Overall, as we speak there are just five government bills that are ready to be debated at these stages, in other words, report stage or third reading stage. Among those, we note that Bill C-7, which is now at third reading stage, reached report stage during the first session of the 39th Parliament, in other words in June 2007. It has been brought back to us a year later. And that is a priority? What happened between June 2007 and June 2008 to prevent Bill C-7 from getting through third reading stage? In my opinion, we should indeed finish the work on Bill C-7, but this truly illustrates the government's lack of planning and organization.

As far as Bill C-5 is concerned, it was reported on by the Standing Committee on Natural Resources on December 12, 2007, and voted on at report stage on May 6, 2008. Again, a great deal of time, nearly six months, went by between the tabling of the report and the vote at this stage, which was held on May 6, 2008, while the report was tabled on December 12, 2007.

Finally, Bills C-29 and C-16 were both reported on by the Standing Committee on Procedure and House Affairs roughly six months ago.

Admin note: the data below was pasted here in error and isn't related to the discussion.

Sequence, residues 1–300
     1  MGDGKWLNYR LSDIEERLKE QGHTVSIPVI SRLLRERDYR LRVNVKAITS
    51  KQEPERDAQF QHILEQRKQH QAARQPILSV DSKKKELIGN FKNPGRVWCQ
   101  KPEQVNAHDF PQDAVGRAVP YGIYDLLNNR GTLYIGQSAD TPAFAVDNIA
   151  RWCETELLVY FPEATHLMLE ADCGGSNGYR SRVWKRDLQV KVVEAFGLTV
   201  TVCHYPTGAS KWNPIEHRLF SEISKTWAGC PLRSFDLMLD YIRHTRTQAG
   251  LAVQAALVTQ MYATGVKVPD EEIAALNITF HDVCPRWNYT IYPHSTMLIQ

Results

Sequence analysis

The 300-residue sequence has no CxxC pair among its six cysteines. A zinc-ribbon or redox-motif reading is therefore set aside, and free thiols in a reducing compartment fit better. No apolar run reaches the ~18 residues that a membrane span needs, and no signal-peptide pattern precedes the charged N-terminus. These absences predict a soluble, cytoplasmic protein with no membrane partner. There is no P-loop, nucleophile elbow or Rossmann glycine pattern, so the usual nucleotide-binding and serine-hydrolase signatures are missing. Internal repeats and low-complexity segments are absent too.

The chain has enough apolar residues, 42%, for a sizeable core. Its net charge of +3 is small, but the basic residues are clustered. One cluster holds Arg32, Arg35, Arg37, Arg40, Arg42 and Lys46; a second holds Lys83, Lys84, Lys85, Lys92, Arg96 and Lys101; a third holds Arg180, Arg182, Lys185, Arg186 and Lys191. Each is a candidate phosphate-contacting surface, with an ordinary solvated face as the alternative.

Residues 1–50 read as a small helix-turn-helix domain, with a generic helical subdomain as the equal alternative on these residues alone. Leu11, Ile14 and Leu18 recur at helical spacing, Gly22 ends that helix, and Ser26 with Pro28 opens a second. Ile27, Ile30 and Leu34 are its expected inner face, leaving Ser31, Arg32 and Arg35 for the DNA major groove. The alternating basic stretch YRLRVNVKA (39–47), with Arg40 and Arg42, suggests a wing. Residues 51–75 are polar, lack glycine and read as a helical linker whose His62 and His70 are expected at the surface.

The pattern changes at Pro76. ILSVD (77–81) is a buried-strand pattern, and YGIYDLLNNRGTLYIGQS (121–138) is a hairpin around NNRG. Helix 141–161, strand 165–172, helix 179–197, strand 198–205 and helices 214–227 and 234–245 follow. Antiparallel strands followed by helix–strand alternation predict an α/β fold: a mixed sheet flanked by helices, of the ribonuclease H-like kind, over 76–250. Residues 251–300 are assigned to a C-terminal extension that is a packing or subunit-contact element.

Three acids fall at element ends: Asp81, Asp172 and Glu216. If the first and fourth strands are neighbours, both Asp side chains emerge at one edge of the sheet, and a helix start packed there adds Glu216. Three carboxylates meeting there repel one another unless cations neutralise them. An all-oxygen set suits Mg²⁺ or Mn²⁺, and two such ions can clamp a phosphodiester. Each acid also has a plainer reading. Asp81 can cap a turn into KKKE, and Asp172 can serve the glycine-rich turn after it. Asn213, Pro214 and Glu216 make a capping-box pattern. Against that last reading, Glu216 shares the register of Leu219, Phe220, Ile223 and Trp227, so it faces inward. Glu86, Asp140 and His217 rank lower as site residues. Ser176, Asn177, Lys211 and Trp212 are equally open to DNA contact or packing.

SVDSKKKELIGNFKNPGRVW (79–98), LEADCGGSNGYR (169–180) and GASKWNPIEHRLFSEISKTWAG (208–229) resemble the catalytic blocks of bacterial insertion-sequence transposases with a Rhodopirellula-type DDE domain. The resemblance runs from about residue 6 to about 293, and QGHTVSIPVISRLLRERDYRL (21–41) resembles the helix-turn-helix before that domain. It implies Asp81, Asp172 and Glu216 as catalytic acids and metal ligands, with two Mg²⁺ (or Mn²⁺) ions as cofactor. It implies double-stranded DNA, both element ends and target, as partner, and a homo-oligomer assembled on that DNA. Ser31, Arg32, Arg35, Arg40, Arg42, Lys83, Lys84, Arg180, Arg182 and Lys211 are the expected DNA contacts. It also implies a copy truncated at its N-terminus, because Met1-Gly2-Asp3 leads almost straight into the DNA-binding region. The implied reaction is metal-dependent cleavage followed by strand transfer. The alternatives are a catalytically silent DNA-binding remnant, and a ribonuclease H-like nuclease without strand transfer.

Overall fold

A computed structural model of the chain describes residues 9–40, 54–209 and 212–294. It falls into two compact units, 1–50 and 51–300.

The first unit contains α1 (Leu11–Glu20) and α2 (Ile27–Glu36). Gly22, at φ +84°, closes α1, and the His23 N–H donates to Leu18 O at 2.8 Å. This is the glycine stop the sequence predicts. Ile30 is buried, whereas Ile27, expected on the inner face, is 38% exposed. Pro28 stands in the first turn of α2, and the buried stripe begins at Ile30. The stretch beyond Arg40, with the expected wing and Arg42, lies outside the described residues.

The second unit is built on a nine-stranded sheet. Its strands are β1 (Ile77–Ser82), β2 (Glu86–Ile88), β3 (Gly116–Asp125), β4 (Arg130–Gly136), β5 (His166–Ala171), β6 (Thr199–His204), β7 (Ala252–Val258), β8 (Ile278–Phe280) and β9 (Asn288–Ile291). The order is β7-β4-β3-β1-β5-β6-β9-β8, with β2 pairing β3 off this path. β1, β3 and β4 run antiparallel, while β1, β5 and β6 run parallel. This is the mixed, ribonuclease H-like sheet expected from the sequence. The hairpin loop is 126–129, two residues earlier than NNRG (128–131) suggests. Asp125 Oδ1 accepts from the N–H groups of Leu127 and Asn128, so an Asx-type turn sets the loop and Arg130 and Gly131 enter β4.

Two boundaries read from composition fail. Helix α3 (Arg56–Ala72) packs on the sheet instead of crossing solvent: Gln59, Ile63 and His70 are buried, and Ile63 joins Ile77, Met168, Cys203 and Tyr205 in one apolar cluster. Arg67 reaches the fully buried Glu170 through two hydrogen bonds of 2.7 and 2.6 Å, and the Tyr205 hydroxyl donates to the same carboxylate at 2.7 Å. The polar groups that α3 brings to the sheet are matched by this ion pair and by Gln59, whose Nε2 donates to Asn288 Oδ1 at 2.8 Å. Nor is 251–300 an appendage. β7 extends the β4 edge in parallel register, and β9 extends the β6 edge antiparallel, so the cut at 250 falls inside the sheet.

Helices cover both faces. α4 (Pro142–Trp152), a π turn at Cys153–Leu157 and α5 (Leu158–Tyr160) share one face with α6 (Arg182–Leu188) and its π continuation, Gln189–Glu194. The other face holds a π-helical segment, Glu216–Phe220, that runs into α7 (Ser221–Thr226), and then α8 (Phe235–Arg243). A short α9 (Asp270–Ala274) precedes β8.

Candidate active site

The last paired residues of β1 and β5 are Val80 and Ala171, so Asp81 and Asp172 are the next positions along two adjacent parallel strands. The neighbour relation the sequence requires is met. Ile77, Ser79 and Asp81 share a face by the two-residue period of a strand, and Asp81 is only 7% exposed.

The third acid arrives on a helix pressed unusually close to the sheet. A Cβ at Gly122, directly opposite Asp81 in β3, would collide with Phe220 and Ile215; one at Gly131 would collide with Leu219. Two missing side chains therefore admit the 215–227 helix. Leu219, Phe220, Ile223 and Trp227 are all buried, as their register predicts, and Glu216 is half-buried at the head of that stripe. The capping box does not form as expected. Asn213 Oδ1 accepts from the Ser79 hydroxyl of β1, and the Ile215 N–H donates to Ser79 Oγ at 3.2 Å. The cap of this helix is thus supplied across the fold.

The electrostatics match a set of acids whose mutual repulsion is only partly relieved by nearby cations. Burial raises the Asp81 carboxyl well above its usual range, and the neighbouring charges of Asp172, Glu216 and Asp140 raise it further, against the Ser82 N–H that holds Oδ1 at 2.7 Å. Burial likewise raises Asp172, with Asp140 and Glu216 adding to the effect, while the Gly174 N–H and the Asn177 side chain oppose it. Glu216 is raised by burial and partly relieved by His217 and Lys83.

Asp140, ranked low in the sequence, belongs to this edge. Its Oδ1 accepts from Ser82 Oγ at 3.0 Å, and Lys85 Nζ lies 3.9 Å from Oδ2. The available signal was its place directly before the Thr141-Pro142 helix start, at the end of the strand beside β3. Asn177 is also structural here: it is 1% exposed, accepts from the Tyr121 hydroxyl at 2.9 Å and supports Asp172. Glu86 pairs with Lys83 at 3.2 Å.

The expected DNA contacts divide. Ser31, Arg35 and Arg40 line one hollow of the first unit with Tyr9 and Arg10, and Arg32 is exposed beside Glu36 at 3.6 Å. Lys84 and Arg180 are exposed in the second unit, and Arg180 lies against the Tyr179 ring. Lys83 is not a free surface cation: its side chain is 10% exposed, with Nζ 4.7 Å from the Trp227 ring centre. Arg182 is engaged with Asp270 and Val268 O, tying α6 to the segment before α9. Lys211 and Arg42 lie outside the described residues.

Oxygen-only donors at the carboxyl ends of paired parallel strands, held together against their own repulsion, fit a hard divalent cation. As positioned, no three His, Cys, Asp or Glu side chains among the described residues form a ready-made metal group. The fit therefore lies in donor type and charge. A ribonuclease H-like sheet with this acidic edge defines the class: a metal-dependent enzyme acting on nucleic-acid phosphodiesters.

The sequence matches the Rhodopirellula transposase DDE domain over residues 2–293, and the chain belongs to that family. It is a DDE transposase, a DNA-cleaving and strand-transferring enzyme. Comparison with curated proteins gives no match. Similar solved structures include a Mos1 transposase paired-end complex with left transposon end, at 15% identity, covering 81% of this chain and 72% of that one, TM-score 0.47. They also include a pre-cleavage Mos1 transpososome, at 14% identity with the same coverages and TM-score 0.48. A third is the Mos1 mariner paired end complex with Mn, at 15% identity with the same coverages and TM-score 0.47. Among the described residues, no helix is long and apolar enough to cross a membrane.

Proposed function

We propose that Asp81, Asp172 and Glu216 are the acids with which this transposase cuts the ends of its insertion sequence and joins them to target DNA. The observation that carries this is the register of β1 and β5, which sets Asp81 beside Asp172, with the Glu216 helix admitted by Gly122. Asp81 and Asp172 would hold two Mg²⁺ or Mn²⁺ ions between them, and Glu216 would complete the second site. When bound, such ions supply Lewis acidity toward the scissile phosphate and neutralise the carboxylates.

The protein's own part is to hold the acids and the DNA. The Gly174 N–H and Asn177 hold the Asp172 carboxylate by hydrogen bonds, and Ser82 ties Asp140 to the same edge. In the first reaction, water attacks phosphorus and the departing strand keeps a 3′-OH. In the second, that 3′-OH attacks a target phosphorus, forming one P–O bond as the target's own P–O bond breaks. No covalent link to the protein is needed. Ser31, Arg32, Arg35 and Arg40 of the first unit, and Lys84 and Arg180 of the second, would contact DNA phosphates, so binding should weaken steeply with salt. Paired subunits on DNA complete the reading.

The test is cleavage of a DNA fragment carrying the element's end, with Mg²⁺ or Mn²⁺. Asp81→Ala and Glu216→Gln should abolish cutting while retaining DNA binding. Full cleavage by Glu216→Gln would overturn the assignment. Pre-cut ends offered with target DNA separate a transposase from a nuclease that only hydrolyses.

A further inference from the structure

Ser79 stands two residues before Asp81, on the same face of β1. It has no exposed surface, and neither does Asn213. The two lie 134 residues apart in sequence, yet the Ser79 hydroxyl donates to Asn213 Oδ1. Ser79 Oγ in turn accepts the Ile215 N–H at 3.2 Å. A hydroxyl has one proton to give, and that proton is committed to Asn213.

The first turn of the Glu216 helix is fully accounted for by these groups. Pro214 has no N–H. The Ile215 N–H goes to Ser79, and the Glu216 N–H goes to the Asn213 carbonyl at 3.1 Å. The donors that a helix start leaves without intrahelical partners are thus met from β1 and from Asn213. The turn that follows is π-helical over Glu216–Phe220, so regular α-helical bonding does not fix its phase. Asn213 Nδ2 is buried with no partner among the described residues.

All these delays of six months to a year force us to conclude that these bills are not legislative priorities to this government.

It would be great to finish the work on these four or five bills, but let us admit that we could have finished it much sooner.

This lack of legislative priority was even more apparent before question period when the House was debating second reading of Bill C-51 on food and drugs. Next on the agenda is second reading of Bill C-53 on auto theft.

If these five bills were a priority, we would finish the work. But no, what we are being presented with are bills that are only at second reading stage. This only delays further the report stage or third reading of the bills I have already mentioned. If we were serious about this, we would finish the work on bills at third reading and then move on to bills that are at second reading.

Furthermore, if its legislative agenda has moved forward at a snail's pace, the government is responsible for that and has only itself to blame, since it paralyzed the work of important committees, including the justice committee and the procedure and House affairs committee, to which several bills had been referred. And then they dare make some sort of bogus Conservative moral claim, saying that we are refusing to extend sitting hours because we do not want to work. For months and months now, opposition members, especially the Bloc Québécois, have been trying to work in committee, but the government, for partisan reasons, in order to avoid talking about the Conservative Party's problems, has been obstructing committee work.